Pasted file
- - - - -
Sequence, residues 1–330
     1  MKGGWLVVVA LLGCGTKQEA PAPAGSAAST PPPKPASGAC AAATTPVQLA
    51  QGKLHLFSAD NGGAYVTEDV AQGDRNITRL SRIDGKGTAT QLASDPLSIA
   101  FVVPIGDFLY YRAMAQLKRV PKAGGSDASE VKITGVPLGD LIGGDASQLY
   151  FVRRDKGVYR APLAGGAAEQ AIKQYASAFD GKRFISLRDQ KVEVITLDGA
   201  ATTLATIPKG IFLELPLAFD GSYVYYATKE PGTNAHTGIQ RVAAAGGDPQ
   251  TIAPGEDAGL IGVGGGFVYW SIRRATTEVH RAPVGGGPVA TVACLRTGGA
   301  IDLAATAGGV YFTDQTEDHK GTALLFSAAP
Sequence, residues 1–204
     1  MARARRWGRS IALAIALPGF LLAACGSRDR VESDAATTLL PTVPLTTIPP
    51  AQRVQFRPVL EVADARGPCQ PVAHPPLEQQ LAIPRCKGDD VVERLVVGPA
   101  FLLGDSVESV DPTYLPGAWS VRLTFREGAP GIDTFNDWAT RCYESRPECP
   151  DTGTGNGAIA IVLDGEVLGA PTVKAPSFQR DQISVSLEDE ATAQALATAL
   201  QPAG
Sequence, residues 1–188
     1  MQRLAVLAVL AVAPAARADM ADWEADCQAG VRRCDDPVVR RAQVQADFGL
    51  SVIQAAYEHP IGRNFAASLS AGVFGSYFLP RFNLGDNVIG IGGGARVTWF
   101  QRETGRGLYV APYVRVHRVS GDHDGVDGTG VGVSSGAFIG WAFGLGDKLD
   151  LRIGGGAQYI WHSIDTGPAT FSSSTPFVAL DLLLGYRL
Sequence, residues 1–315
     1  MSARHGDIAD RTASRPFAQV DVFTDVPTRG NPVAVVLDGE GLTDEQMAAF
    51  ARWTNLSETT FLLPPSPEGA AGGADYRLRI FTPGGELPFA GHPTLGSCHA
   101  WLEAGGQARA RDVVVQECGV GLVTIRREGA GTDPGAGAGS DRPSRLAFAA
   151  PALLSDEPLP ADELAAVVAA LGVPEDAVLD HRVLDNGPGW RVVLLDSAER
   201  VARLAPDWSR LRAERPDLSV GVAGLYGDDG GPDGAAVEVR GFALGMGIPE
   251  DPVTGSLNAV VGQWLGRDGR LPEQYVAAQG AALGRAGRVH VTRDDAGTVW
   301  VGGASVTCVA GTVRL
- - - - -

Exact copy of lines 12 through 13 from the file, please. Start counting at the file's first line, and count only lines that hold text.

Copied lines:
   101  FLLGDSVESV DPTYLPGAWS VRLTFREGAP GIDTFNDWAT RCYESRPECP
   151  DTGTGNGAIA IVLDGEVLGA PTVKAPSFQR DQISVSLEDE ATAQALATAL